Joseph Huppert’s seen exceptional places where you might commission an artist to make something, in some of the chicest locales: Los Angeles, New York, Paris, London. Clients there seek out his boss, Robert Irwin, who’s earned international renown for decades of artwork.
So Huppert stared at the mushrooms spilling from the ceiling in an abandoned ice factory in North Park earlier this year, repulsed by the dingy, moldy storefront. But when it comes time to create his own artwork, Huppert doesn’t have his run of an atrium at the Getty in L.A. He’s never made art specifically inspired by and conditioned to a particular space before, à la his boss — so who would commission him?
He had to try his ideas somewhere. In this kind of art, the space comes first. So, the ice factory it was.
This juxtaposition is normal life for a young artist testing his wings on the fringes of San Diego’s art scene at night, but spending his days in rarified air. And it’s been Huppert’s reality since befriending Irwin a few years ago.
Their relationship sets a remarkable old-meets-new stage. With a five-decade age gap between them, Huppert and Irwin mark nearly opposite ends of how visual artists make it in San Diego.
Irwin, 81, is famous far outside San Diego. Some recent smaller pieces command well into six figures. Huppert, his assistant for two years, is more or less unknown. Huppert made work and showed it this summer in that once-repulsive storefront, not knowing how many people would show up. The gallery didn’t even have a website until right before the show opened in July.
That the 32-year-old Huppert snagged a job assisting one of San Diego’s most prominent artists is an unlikely coup. Irwin’s at the forefront of “light and space” artists — abstract, contemporary artists placing focus on the way light and space interact. He’s experimented with light bulbs, color, even plants and trees. In local galleries where other artists would kill to be shown, Irwin has dedicated rooms to tinker.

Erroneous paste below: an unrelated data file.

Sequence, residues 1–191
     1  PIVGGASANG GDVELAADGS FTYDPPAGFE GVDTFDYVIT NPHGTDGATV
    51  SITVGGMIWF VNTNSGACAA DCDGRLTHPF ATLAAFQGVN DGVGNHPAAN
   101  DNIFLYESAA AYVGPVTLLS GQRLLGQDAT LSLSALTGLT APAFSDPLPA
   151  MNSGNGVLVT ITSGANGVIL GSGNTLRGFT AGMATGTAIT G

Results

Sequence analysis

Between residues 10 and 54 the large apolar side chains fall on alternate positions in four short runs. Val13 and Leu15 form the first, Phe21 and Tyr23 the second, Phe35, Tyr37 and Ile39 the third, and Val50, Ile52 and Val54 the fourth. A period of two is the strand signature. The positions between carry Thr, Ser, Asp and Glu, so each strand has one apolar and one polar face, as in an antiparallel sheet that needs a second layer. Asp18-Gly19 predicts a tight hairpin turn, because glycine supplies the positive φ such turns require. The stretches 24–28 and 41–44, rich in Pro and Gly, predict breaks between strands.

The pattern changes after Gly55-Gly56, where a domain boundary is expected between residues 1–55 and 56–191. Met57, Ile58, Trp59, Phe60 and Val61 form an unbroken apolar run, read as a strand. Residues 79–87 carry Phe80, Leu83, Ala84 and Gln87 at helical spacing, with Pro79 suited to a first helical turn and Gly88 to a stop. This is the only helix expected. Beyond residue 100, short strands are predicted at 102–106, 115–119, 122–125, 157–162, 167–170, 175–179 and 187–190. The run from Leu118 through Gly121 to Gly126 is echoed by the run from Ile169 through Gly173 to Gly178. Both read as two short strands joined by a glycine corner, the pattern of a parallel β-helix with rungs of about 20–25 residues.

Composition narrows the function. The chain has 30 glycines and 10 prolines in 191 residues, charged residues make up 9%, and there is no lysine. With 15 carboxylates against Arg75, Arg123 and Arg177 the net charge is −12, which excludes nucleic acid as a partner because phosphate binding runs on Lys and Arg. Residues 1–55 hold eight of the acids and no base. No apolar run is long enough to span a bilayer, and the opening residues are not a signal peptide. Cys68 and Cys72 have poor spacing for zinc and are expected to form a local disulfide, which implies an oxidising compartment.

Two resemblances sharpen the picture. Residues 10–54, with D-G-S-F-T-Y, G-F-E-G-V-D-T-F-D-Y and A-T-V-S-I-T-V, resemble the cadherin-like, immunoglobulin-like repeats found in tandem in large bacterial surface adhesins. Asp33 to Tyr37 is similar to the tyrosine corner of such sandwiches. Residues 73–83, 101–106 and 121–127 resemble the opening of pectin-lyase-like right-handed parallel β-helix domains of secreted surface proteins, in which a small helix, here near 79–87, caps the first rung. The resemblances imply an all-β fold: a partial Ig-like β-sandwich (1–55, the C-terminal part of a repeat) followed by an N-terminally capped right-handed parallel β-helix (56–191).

Before Irwin, Huppert’s income was the typical patchwork of a young artist in an expensive city. He arrived in San Diego seven years ago from Phoenix, working at the Levi’s store at the mall and in a café. He worked at the art supply store, and then as a security guard at the Museum of Contemporary Art San Diego.
He met Irwin there a few years ago, helping to install a major show about the artist’s career. Huppert had read some of Irwin’s philosophies about human perspective and the importance of seeing and paying attention. Chatting with Irwin, Huppert would sometimes drop into conversation quotes from Irwin’s writings. Huppert would offer to help Irwin: lift a heavy object, climb a ladder, mail a package.
Irwin turned him down a few times. He’d never had an assistant before, and he’d always worked independently — why hire someone now? But Huppert persisted. Irwin finally agreed to the help. Now, Huppert’s working for one of his heroes.
“I love the guy, and it’s easy to talk about him,” Huppert says. “I think he is one of, if not the, greatest living artists, and I’m fortunate enough to spend all day playing with his toys.”
Some of Irwin’s most talked-about works are ICE Gallery in a couple of weeks.
Meanwhile, Huppert’s working with Irwin on this fall’s shows. And for his own work, he’s trying to pay attention to see what his next cue will be.